It follows that we are unable to agree with the decision of the Ninth Circuit in Abdul v. United States, (1958) 254 F.2d 292, in which a charge similar to the one given here was approved.2 With deference, we must say that, in our opinion, that court drew an incorrect conclusion3 from dicta in Spies v. United States, (1934) 317 U.S. 492, 63 S.Ct. 364, 87 L.Ed. 418, and United States v. Murdock (1933) 290 U.S. 389, 54 S.Ct. 223, 78 L. Ed. 381.

6

We hold, not only that the charge was erroneous, but that the error was such as to require reversal. We are aware of the fact that no objection was made to it below. However, an affirmative duty rests upon the trial judge to give a correct charge and, similarly, upon us to correct a clearly and substantially incorrect one. The charge, being a misstatement of the law, constituted plain error, and, as such, the error is cognizable under Rule 52(b), Federal Rules of Criminal Procedure. When the nature of appellant's defense is considered, it being essentially that, though he may have been careless or negligent in not filing a return, his failure to file was not knowing and wilful, we think it clear that the charge was most prejudicial. The case must, therefore, be reversed and remanded for a new trial.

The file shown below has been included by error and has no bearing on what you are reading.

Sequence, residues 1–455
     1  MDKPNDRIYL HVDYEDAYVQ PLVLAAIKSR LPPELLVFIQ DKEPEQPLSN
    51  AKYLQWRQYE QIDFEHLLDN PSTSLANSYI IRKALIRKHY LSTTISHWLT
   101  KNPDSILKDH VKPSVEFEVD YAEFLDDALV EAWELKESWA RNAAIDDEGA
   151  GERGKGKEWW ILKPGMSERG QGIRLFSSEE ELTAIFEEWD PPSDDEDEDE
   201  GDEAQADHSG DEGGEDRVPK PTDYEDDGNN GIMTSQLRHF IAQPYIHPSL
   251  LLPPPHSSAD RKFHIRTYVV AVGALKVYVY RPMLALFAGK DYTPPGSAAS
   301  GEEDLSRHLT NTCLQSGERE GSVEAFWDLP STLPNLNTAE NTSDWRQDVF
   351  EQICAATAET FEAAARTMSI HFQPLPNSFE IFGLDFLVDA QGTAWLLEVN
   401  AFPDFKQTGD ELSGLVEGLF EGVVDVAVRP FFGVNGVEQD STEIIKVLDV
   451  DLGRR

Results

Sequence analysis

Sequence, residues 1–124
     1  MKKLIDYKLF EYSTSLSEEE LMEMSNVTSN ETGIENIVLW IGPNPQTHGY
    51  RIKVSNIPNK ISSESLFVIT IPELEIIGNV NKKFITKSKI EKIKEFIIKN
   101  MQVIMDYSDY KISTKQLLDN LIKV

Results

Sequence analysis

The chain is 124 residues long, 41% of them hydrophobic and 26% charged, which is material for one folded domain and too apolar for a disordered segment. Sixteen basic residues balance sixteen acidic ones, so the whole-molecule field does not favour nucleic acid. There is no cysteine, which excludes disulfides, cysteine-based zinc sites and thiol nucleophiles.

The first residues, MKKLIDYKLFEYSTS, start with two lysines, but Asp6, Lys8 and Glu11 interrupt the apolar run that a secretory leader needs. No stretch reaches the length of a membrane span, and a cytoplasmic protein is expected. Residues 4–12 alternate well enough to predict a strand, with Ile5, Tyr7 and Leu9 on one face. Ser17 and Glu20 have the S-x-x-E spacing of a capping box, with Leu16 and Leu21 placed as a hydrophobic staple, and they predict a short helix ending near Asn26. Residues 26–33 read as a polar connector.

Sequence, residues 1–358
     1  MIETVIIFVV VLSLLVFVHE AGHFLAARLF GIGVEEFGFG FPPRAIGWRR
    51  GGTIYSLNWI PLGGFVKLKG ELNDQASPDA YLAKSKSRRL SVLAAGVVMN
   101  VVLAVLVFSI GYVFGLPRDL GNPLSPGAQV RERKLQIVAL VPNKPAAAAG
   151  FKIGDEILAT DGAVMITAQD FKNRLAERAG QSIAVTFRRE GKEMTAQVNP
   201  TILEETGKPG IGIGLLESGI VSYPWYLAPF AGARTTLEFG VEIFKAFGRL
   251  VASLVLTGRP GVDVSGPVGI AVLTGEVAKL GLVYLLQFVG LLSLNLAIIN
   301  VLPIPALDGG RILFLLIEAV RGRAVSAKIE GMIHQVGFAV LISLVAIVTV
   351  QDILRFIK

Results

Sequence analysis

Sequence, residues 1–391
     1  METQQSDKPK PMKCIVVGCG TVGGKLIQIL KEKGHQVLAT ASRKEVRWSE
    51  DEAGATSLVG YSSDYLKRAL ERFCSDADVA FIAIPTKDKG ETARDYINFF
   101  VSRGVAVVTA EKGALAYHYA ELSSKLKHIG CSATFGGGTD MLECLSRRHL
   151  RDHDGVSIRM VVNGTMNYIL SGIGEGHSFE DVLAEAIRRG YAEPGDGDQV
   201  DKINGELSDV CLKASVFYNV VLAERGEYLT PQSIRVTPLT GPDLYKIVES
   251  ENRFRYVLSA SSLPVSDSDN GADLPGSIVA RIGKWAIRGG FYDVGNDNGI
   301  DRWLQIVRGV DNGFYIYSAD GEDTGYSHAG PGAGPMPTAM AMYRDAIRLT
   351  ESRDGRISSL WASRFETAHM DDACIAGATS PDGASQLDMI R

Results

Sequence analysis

7

We have considered the other arguments advanced by the appellant, and, in our opinion, no further error appears. The judgment is accordingly

8

Reversed and remanded.

Notes:

1

That section provides:

"Any person required under this title to pay any estimated tax or tax, or required by this title or by regulations made under authority thereof to make a return * * *, keep any records, or supply any information, who willfully fails to pay such estimated tax or tax, make such return, keep such records, or supply such information, at the time or times required by law or regulations, shall, in addition to other penalties provided by law, be guilty of a misdemeanor and, upon conviction thereof, shall be fined not more than $10,000, or imprisoned not more than one year, or both, together with the costs of prosecution." 26 U.S.C. § 7203.

2

The court stated: "We conclude that the word `wilful' as used in the misdemeanor statute means something less when applied to a failure to make a return than as applied to a felony non-payment of a tax. This being true, then the words used in the instruction defining `wilful' as relates to a misdemeanor adequately and clearly point up that difference." 254 F.2d at 294

3

The court stated: "The definition of the word `wilfully' as used in the misdemeanor statute was correctly defined in the instructions given by the court. That a difference exists in the meaning of `wilfully' when used in the statute defining a felony and that defining a misdemeanor is recognized. It is `a word of many meanings, its constructions often being influenced by its context. United States v. Murdock, 290 U.S. 389, 54 S.Ct. 223, 78 L.Ed. 381. It may well mean something more as applied to nonpayment of a tax than when applied to failure to make a return. Mere voluntary and purposeful, as distinguished from accidental, omission to make a timely return might meet the test of willfulness.' Spies v. United States, 1943, 317 U.S. 492, 497-498, 63 S.Ct. 364, 367, 87 L.Ed. 418." 254 F.2d at 294